According to the American Diabetes Association, one in every ten people in the U.S. has diabetes. Millions remain undiagnosed, and an even greater number are considered prediabetic and at risk of progressing toward type 2 diabetes.
What is diabetes?
While there are different forms of diabetes, 90-95% of cases in adults are type 2 diabetes. Diabetes is a disease that occurs when blood glucose, also called blood sugar, is too high. Blood glucose is the body’s primary source of energy and comes from the foods we eat.
A hormone called insulin is responsible for delivering glucose to our cells for energy and regulating the level of glucose in the blood. When the body doesn’t make enough insulin or doesn’t use it well, glucose doesn’t reach our cells and ends up staying in our blood. Over time, having too much glucose in the blood can cause health problems, including heart or kidney disease, nerve damage, eye damage, or even blindness.
Although diabetes has no cure, you can take steps to manage your diabetes and stay healthy. The first step is to understand your risk.
Know your risk
While a number of factors can increase your risk for type 2 diabetes, if you are 45 or older, have a history of diabetes, or are overweight or obese, your risk may be higher. To better understand your risk, take this 60-Second Type 2 Diabetes Risk Test developed by the American Diabetes Association.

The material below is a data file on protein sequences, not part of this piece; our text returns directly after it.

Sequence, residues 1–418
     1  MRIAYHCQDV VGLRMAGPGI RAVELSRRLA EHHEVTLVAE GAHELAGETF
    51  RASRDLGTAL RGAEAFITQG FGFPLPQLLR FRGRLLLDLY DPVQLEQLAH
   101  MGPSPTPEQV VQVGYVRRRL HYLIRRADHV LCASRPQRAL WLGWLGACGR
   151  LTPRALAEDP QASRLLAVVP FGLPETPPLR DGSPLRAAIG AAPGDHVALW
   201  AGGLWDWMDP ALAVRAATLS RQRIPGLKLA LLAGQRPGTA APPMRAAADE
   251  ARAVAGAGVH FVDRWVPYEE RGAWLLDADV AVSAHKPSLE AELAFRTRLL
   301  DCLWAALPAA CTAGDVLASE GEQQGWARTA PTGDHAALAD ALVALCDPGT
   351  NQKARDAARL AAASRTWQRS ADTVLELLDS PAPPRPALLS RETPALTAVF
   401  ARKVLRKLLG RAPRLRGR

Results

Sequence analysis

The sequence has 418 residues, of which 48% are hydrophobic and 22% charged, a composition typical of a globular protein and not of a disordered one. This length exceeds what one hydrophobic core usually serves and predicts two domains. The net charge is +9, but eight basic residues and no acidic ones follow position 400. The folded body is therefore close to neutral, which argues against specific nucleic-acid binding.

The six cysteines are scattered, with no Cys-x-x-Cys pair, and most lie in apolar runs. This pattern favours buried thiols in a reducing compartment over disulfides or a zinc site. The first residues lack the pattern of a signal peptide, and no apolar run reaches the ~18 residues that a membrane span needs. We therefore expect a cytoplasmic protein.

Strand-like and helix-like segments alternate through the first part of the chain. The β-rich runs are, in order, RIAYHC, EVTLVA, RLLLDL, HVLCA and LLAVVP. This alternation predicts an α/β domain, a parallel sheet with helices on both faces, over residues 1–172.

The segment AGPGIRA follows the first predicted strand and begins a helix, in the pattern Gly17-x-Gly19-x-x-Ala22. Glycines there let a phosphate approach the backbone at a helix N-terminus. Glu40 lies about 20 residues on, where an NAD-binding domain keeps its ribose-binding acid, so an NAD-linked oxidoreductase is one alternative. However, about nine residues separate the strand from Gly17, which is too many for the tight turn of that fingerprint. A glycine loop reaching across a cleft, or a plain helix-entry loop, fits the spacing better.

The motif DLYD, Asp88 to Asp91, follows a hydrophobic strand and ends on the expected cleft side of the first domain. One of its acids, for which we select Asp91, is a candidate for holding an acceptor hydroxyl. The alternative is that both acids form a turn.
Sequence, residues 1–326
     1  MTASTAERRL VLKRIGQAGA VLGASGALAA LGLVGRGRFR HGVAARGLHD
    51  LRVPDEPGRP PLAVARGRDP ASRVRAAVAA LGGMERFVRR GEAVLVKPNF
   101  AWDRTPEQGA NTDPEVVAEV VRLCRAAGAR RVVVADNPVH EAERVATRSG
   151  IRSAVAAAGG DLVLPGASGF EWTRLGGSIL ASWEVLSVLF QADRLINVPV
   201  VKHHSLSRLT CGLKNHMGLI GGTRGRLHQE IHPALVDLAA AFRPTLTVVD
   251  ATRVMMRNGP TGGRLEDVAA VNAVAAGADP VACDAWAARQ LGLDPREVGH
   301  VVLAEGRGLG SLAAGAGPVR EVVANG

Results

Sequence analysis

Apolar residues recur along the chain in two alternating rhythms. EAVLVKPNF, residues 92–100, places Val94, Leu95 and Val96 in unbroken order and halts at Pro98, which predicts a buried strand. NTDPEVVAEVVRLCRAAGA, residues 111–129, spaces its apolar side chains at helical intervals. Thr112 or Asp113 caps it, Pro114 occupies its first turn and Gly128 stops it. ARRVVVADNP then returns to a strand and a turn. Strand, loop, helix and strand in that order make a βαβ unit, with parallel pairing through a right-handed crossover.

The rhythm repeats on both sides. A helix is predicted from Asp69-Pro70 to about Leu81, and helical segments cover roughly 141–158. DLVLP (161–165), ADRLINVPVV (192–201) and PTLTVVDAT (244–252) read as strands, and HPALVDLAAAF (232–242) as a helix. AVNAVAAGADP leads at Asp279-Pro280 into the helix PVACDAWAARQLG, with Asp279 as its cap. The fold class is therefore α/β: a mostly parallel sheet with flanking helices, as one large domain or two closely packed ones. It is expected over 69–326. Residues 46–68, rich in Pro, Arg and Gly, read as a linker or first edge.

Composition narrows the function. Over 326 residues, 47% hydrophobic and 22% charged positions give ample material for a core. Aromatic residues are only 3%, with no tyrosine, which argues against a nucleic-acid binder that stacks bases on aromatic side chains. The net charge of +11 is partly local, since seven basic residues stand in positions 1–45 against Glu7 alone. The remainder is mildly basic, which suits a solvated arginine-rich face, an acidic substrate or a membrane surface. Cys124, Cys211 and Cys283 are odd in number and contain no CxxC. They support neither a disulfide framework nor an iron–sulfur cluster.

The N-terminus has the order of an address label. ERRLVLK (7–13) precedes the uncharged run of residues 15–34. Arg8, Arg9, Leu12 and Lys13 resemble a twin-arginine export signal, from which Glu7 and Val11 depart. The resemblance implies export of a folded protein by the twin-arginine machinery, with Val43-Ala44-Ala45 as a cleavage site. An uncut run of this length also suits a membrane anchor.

Healthy choices to reduce your risk
The good news is that if you are at risk for diabetes, there are steps you can take that can make a real difference.
- Manage your blood pressure and cholesterol
- Quit smoking
- Plan healthy meals
- Increasing physical activity
- Lose weight if you are overweight
Get the support you need
These changes are not always easy to make. Welia Health offers a Diabetes Support Group for people with diabetes and their families. In addition, our diabetes education team works one-on-one with individuals to help them learn the ins and outs of managing diabetes and reducing the risk of complications. For individuals diagnosed with prediabetes, Welia Health offers a Prediabetes Education Class that covers everything you need to know about living healthy with prediabetes symptoms and reducing the risks for type 2 diabetes.
Congratulations to Carly Gahler, RN, BSN, one of our diabetes educators, on achieving Certified Diabetes Care and Education Specialist (CDCES) status. Highly trained and certified diabetes educators like Carly are experts in diabetes and play an integral role in creating individualized care plans for people with diabetes that consider lifestyle, goals, beliefs, culture, and needs.
To learn more or to schedule an appointment, please call the Mora Clinic at 320.679.1313, Hinckley Clinic at 320.384.6189, or Pine City Clinic at 320.629.7505.